A trip to a splash pad one summer’s day a few years ago led to the discovery that although my autism boy hated being submerged in any body of water, he would consent to standing under a spray of water. From that day, our lives were a lot easier: bath time became shower time. My son was not exactly thrilled, but the screaming and terrified looks were replaced with crying and more manageable anxiety.
Although keeping my child clean is less traumatic than it once was, it is still challenging. My son only just manages to tolerate being in the shower for any length of time. Every minute that he is in there, he begs to be allowed out.
And so it was with a great deal of trepidation that I decided to enrol him in swimming lessons this summer. Fear of water or no fear of water, this kid has to learn how to swim. Individuals with autism are twice as likely as the general population to die prematurely from accidental causes. An extremely high percentage of those deaths are drownings.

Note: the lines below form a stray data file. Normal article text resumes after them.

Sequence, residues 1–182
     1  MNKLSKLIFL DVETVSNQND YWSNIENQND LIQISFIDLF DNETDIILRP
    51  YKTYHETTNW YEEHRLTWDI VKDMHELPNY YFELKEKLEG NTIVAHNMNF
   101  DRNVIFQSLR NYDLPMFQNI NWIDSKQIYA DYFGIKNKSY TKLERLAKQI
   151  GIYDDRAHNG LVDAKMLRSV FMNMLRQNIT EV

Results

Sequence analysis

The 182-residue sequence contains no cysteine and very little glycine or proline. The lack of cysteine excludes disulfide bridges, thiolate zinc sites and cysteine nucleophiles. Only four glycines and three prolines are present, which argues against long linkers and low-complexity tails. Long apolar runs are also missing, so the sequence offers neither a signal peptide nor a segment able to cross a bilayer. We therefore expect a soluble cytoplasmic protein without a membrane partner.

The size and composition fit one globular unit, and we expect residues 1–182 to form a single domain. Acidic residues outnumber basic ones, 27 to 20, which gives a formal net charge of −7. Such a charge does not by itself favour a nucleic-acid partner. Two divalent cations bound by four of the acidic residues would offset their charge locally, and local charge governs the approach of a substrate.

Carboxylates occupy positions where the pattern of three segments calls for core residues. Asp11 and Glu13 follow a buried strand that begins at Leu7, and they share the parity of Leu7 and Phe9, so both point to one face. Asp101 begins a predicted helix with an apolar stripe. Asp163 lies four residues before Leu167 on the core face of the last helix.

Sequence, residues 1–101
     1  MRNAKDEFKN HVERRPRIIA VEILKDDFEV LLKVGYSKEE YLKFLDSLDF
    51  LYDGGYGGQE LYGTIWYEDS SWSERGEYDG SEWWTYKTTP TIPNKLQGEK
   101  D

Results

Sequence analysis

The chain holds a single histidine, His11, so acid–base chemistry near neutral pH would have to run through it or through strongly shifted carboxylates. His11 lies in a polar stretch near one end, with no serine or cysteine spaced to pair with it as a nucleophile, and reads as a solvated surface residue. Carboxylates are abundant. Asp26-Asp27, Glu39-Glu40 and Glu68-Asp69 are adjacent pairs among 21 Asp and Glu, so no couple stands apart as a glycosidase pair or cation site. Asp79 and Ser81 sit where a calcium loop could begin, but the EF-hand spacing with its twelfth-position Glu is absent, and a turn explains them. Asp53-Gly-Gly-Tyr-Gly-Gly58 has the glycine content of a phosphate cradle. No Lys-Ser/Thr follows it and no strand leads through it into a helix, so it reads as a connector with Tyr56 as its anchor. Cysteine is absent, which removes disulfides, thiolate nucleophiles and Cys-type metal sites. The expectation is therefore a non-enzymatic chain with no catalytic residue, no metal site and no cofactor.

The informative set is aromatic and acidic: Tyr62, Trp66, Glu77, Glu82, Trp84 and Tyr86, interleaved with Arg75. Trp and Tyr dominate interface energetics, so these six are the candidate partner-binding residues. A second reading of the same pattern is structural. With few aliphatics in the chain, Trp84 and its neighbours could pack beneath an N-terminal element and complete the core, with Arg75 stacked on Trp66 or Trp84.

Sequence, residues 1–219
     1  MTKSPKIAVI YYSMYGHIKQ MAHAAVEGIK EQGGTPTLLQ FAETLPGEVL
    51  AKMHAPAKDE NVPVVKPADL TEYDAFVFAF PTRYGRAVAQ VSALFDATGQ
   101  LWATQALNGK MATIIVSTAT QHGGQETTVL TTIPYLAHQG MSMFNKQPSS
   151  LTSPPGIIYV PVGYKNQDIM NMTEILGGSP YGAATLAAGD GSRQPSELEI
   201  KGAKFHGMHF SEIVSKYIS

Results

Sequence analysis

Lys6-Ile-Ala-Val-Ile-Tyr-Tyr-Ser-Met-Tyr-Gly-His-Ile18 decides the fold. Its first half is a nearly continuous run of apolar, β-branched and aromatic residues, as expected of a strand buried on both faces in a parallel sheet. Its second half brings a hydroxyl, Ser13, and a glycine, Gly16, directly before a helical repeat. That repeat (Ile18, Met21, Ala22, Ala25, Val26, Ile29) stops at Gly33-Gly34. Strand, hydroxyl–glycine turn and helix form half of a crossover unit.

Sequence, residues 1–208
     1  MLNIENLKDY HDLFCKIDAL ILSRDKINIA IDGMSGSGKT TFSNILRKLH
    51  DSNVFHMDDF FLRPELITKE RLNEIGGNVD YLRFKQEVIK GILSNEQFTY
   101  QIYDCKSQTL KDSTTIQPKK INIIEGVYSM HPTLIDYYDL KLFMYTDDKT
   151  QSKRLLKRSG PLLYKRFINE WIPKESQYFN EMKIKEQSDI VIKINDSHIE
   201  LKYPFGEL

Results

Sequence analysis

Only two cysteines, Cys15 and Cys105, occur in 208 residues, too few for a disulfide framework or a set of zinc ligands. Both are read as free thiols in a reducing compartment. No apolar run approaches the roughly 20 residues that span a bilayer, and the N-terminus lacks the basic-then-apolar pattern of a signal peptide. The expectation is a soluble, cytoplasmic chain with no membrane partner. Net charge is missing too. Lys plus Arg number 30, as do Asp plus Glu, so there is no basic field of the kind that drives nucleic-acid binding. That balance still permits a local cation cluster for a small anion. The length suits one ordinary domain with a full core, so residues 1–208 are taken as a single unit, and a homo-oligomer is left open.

And so I called the local aquatic centre and told them I wanted to put both of my boys into swimming lessons. I explained about the autism and the fear of water, and expressed my concern that my son would not even get into the pool.
The lady at the aquatic centre said something that I have told myself many times, something that I believe should be a constant mantra for autism parents everywhere.
“We won’t know what he’s capable of unless we give him the opportunity to try.”
These words told me everything I needed to know about the staff at the aquatic centre: that they were prepared to work with my special needs son in a positive and inclusive manner.